After lunch we drove out to Grawin (say 'Grah-win', like Darwin) to camp for free (for the first time in quite a while) behind 'The Club in the Scrub,' loosely a nine hole "golf course" and one of three watering holes for the miners about the opal fields. A couple of friendly beers as recompense for the free camping and we found a little spot in the trees, near a dam where the kangaroos like to drink at dusk. Wasn't a bad spot, despite the breakfast flies.
Thursday morning we took some back roads. We passed the other two pubs in the opal fields - The Glengarry Hilton and The Sheepyard Inn. A winding gravel track took us through the very dry Lake Narran nature reserve to Brewarinna. A stop in at the local visitor centre let us take in a local indigenous art exhibition, telling the stories of people from 17 local language groups who had been removed from their families to the mission. Sometimes five generations of family. Sad but important to witness. We pushed on to Bourke for a fuel and gas resupply.
We heard on wikicamps about a station to camp at called Comeroo. Thunderstorms started in the afternoon and we drove through brief showers on the sealed road up to Enngonia before turning west on the gravel road to the station. There was a point of interest called 'Captain Midnights Grave' on the HEMA map for the road, but we couldn't find it. The road started getting pretty bad (a thin sand layer above a hard (dry) layer of packed clay that gets very slick and boggy as the rain wets it up) as the patchy showers increased, so we ended up putting tyre pressures down and going slower.
We eventually made it to the station during a fine patch and found some other campers swimming in the creek. They were a group of environmental scientists working for the University of South Australia to collect flora samples on the adjacent station (Naree). Their work takes them all over the country - they will be chasing us to Tibooburra, then up in Cape York later in a couple of months when (if) it dries out.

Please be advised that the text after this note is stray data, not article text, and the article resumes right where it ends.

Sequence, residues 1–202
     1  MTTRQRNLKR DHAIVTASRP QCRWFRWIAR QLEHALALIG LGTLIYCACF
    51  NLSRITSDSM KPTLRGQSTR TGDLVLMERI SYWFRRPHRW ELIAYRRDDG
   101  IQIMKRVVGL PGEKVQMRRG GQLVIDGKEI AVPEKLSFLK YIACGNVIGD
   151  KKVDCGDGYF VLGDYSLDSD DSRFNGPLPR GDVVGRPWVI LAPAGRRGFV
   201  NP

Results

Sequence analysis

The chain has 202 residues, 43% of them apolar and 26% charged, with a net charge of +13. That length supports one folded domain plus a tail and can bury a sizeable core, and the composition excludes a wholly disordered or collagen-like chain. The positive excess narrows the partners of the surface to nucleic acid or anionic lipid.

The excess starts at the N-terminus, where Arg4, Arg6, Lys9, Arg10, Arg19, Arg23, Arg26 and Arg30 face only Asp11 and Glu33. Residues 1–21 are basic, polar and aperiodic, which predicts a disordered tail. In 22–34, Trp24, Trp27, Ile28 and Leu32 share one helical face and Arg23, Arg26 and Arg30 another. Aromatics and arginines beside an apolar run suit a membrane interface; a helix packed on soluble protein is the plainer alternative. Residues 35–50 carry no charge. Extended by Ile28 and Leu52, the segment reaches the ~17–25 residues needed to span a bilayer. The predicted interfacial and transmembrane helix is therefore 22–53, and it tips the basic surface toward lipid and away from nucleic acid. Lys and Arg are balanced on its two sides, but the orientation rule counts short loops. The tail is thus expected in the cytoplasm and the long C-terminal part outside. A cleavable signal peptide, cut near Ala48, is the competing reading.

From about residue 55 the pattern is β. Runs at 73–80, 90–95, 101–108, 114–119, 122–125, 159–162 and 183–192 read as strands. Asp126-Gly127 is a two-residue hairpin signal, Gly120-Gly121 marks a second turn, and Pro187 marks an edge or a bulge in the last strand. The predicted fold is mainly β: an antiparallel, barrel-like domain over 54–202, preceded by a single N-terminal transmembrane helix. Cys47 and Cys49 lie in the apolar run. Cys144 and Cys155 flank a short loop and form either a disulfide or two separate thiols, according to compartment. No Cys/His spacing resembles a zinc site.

Station owners Bruce and Christine were gracious hosts at beer time. Bruce (who is sixty something) was telling us how a couple of months ago he rode a motorbike from Steep Point (the Mainlands westernmost point) to Cape Byron (easternmost) in eight days, straight through the middle. He has also been down to Wilsons Promontory and plans to head up to Cape York in a couple of months to hit all four corners of the mainland within a year. We didn't see any camels and didn't remember to ask. I don't know if they used to have camels and now don't, or it is a bit of country humour. They do run cattle, sheep and goats. And have a very impressive old tractor collection. And plenty of flies to share in the morning. A windy night with lightning and intermittent storm showers passed through to a crisp country dawn.
Yesterday was another long driving day. Patches of damp road (but no significant water in drainage lines or floodways) meant we took it easy along the sometimes gravel, sometimes sand and clay roads to Wanaaring. When we got there the bloke at the corner store told us they had 17 mm overnight and hail, and that the road between Bourke and Wanaaring had been closed. Good thing we took a detour!
From Wanaaring we drove 243 kilometres on sand, clay, gravel and the (very) occasional bitumenised cattle grid and floodway to Tibooburra. The landscape slowly evolved as we headed west. The Paroo River and Billabong got left behind. The trees got smaller and smaller, until (what Adam thought at first on the horizon was a tailings dam) hills made entirely of naked, lifeless stone started to thrust out of the landscape. We skirted dry lake beds and saw many kangaroos and emus along the way. Red dirt, a band of scrubby green and blue sky. Then red dirt, a band of greenish grey, dead and dry, and blue sky. We saw one car on its own, and a contractors light truck and a 70 series landcruiser together heading the other way in the four and a bit hours the drive took. Proper remote.
We crossed into a different type of landscape 20 kilometres out from Tibooburra. The Sturt National Park. We turned a corner, the sun shifted to our right and it was like we drove into a caricature of outback Australia. Blue sky, red stony dirt and about 200 kangaroos and 100 emus (not even exaggerating) in about 5 minutes of driving. It felt oddly cliché, but here we are all the same. We will be driving through more of this National Park on our way out to Cameron Corner tomorrow.
We made it to Tibooburra (which apparently means 'place of many rocks' in the local language) and there are - many rocks. Stacks of boulders piled into mounds that look almost staged. Dinner and cold beer at the pub last night was a well deserved night off from self catering. We didn't ask too many questions about the c